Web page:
Microsoft looks forward to Orcas, so do I. Here’s why.


I’m no fan of Visual Studio 2005. For me, it feels bloated. Start with the Start page. I appreciate what it’s trying to do, but come on, I have a browser for browsing. Likewise, I must need help, because I finally gave up trying to figure out how to best configure the help on the several different machines I develop on. Again, I realize the Visual Studio team is trying to give me flexibility, but ugh. And then there’s the sluggishness and my seemingly instinctive ability to configure the UI so it flickers like mad when I program. I know. I know. If I spend a couple minutes I can get the UI to not flicker. I don’t. I’m lazy–scratch that. I’m too busy working. I just don’t want to spend time getting the tool just right and then do the same on this other machine I use and then this other and you get it. I guess this is partly a problem of my own creation. I use too many machines. My programming is a little bit here and a little bit there. I often have two or three projects open at once. My machines are getting old. Too slow for the new software. And my expectations are too high.

Don’t get me wrong. There are some things I really like about VS 2005. The refactoring in C# is nice. It’s a good start. In fact, for C# development it’s not all that bad. It is annoying as all get out that I can’t modify the code when debugging all of the time, but I manage to survive. I’m sure if I think about it, there are some more things I like about Visual Studio 2005 over its predecessors. Thinking…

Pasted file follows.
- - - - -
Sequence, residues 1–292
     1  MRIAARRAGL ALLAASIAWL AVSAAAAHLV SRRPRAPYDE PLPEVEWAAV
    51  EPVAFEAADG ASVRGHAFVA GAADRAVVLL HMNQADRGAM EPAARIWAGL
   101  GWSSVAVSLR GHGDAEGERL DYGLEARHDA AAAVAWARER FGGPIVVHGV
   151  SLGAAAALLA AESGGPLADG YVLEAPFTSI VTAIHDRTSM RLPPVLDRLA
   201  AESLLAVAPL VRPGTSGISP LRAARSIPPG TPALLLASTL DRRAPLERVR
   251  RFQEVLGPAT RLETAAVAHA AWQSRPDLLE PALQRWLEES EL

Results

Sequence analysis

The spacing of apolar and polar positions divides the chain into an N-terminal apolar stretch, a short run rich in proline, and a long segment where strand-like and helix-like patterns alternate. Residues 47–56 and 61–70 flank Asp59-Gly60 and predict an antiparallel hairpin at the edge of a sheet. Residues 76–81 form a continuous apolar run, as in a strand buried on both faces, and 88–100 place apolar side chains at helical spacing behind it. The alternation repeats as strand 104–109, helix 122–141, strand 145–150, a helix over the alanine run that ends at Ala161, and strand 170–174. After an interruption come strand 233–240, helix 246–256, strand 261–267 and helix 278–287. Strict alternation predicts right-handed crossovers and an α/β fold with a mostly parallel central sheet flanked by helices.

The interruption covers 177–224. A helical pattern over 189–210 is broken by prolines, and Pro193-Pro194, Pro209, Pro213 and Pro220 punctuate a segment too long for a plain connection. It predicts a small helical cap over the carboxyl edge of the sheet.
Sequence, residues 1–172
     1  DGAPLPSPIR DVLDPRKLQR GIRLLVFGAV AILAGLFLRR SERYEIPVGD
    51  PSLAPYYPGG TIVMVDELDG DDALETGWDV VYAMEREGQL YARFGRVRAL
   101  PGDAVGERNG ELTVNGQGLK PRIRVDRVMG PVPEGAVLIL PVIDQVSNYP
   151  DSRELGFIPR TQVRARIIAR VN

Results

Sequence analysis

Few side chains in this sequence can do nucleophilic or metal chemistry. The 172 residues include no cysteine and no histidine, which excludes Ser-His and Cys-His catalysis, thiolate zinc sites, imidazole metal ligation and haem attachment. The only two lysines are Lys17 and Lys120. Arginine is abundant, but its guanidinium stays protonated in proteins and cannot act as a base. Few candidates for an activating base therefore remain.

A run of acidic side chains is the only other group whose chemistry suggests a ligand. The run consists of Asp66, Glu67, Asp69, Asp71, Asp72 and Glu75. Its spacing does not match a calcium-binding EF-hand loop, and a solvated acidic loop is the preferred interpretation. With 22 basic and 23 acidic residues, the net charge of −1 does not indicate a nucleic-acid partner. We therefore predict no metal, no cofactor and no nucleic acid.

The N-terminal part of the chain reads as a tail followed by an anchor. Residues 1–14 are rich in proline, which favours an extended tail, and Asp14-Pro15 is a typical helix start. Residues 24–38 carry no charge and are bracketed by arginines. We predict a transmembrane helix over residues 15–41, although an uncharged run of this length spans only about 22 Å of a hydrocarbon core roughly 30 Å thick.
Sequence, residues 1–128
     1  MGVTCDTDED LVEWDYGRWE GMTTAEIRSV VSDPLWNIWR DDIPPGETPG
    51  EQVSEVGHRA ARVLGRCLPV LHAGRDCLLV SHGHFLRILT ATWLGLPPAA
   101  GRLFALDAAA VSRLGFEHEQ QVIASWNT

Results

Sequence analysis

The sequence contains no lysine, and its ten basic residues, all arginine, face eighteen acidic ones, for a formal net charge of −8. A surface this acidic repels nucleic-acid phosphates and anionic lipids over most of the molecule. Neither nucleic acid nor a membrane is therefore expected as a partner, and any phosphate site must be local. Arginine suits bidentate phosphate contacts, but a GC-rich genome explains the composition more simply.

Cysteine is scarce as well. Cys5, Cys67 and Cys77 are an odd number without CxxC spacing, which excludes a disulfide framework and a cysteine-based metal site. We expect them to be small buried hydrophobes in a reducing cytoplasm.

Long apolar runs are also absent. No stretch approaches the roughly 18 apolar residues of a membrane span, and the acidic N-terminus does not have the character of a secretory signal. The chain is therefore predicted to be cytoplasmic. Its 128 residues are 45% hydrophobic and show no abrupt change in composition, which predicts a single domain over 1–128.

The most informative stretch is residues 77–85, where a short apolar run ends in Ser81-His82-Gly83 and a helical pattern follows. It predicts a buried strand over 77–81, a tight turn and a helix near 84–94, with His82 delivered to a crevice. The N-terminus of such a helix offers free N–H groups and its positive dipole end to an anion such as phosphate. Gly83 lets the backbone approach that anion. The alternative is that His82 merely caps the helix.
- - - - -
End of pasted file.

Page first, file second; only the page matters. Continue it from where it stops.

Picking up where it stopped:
Actually, part of the problem I have is that I’m programming with Microsoft’s latest technologies. So I’m using beta software. I know better than to get up tight about beta stuff, but I guess this demonstrates I’m human. No source code generator here. One of the biggest problems? Visual Studio 2005 crashes. Lots. Sometimes it does an amazing job auto-recovering. Simply amazing. It’s almost like the VS2005 team knew the app would tend to crash and went out of their way to do a great job of recovering your work state. 🙂 I presume most of the crashing is due to beta stuff I have in my dev environment. I do know of the four machines we use for development here, all crash at least one every other day. Sometimes more often. It gets old.

Beta software also very likely contributes to the sluggishness in VS2005. Yeah, I shouldn’t complain. Take WPF development, for instance. The not-yet-ready support in VS2005 for WPF is unbelievably slow. And it’s just not the performance, which is awefull. I just don’t use it. I’ll use Blend. I’ll hand code. I’ve spent a little time trying to figure out why. That’s probably best left to another post. I hope the Visual Studio team is doing some similar thinking. Looks to me like there is some code worth dead-endng.

With this background, I bet you can see why I’m very interested in hearing about any developer tool announcements at Mix07 next week. I’m ready for a little less pain.

The way I look at it is that developing with Microsoft’s latest technologies is in flux right now. That’s understandable. The core technologies themselves are still being baked. Silverlight hasn’t even been officially released, for instance. And quite frankly, we’re all learning too. The language teams. The tool builders. The programmers. The designers.

I do think the overall language direction is a good one. It’s just…..I wish, I wanna, I need. You understand? Right?